U.S. asks Germany to publish list of artworks seized in Munich

(JTA) — The United States asked Germany to publish a list of 1,400 Nazi-looted artworks found in a Munich apartment last year during a German tax evasion probe.

U.S. officials, speaking on condition of anonymity, said that American diplomats had contacted the German federal government about the vast trove of art, which included previously unknown paintings by Henri Matisse and Otto Dix, Reuters reported Thursday.

“Our mission is discussing these reports with the relevant German authorities, and we ask them to publish a full list of the recovered paintings,” said one official, saying the U.S. contacts were with the German federal government, which in turn was dealing with local authorities on the issue.

German authorities have resisted calls to publish a full list of the items seized.

Jewish groups have urged that the origins of the artworks be researched as quickly as possible so that items looted or extorted from Jews during the Holocaust could be returned to their original owners or their descendants.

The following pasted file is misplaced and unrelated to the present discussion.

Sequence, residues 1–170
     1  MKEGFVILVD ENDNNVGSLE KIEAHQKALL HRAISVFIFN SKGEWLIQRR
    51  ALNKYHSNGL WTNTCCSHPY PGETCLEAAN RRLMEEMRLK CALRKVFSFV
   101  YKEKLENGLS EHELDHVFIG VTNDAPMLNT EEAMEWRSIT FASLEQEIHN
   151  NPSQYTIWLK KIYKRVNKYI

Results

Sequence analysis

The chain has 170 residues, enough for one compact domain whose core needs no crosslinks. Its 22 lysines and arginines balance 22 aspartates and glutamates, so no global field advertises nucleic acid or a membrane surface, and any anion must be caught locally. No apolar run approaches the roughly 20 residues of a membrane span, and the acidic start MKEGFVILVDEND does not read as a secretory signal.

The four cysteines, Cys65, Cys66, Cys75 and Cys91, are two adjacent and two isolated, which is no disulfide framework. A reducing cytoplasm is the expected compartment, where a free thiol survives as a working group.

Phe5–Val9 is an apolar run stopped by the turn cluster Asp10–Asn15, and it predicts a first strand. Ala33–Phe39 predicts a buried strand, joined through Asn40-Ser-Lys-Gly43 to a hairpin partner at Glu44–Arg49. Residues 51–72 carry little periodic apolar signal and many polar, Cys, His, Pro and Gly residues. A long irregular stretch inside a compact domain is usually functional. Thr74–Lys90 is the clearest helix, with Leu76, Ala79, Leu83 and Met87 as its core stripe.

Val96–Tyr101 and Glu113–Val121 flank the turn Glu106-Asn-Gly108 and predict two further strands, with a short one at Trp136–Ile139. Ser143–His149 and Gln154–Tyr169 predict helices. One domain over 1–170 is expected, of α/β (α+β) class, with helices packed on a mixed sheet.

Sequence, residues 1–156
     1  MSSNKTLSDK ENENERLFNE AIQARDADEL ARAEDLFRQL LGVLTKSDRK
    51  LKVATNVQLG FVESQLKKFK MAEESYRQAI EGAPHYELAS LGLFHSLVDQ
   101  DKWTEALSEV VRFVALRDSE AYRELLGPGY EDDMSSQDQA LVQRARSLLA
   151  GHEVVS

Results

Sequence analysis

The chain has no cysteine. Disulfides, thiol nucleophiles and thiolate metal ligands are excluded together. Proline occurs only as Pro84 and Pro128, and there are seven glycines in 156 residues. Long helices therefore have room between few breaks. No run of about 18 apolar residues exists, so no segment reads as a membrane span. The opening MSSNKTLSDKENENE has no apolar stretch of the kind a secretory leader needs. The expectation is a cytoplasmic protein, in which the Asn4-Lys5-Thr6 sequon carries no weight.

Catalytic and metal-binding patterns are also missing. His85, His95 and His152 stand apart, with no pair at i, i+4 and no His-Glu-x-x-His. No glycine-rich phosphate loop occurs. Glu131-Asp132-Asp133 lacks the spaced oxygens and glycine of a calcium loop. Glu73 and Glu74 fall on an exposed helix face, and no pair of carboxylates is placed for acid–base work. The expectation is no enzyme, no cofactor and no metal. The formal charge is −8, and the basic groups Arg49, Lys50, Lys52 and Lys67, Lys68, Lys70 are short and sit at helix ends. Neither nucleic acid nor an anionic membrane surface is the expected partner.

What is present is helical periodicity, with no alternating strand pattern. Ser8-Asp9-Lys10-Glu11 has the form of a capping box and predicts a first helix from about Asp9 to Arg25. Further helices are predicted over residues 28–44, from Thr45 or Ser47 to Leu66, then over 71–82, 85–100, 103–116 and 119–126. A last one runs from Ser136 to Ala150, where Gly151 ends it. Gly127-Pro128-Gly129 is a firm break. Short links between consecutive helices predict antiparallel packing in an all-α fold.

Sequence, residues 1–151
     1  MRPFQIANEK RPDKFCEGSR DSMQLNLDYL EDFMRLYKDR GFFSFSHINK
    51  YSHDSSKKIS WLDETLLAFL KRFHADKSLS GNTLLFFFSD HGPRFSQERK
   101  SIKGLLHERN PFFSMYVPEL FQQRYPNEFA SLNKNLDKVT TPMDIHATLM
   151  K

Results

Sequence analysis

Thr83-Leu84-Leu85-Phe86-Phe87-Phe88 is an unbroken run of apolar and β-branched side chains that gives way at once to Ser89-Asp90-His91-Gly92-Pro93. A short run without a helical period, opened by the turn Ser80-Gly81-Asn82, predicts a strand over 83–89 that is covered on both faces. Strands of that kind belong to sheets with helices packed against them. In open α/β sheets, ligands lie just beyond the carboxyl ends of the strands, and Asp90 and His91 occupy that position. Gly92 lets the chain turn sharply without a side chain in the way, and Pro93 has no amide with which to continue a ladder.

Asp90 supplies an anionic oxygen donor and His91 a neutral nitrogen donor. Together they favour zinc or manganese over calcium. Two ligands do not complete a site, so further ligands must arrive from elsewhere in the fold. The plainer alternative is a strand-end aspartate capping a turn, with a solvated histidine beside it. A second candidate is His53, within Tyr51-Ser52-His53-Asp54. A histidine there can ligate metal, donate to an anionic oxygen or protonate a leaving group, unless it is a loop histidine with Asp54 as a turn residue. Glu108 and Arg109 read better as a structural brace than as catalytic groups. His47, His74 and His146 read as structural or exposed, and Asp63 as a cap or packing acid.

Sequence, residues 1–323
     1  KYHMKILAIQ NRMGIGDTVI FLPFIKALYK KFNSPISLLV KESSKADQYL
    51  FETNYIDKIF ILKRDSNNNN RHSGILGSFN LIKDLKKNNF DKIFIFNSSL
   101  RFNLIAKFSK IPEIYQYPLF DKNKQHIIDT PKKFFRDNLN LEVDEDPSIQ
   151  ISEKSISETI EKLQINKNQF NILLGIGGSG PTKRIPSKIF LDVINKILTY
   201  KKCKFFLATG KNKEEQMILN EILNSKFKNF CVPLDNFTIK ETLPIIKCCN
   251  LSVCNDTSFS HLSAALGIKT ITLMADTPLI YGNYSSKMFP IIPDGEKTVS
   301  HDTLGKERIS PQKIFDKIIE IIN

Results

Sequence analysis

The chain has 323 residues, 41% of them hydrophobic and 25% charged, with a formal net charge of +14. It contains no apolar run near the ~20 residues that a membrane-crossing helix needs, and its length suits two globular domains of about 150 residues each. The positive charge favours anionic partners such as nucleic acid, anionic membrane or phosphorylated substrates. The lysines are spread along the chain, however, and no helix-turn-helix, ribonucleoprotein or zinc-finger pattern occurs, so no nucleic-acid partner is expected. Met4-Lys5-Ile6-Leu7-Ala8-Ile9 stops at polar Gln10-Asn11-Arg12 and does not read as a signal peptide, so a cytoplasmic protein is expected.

Customs investigators seized the paintings, sketches and sculptures, dating from the 16th century to the modern period, last year but stayed silent until now because they had chanced upon the art during a tax evasion probe, which compels secrecy.

The secrecy and the failure so far to publish a complete list of the works has attracted criticism from those who argue that publicizing such finds is crucial to establishing their ownership and returning them to their rightful owners.

The haul, found in the flat of Cornelius Gurlitt, the son of a wartime art dealer, may be worth more than $1.3 billion, according to a German magazine. Officials declined to comment.

Gurlitt, who occasionally sold paintings to support himself, has since vanished.

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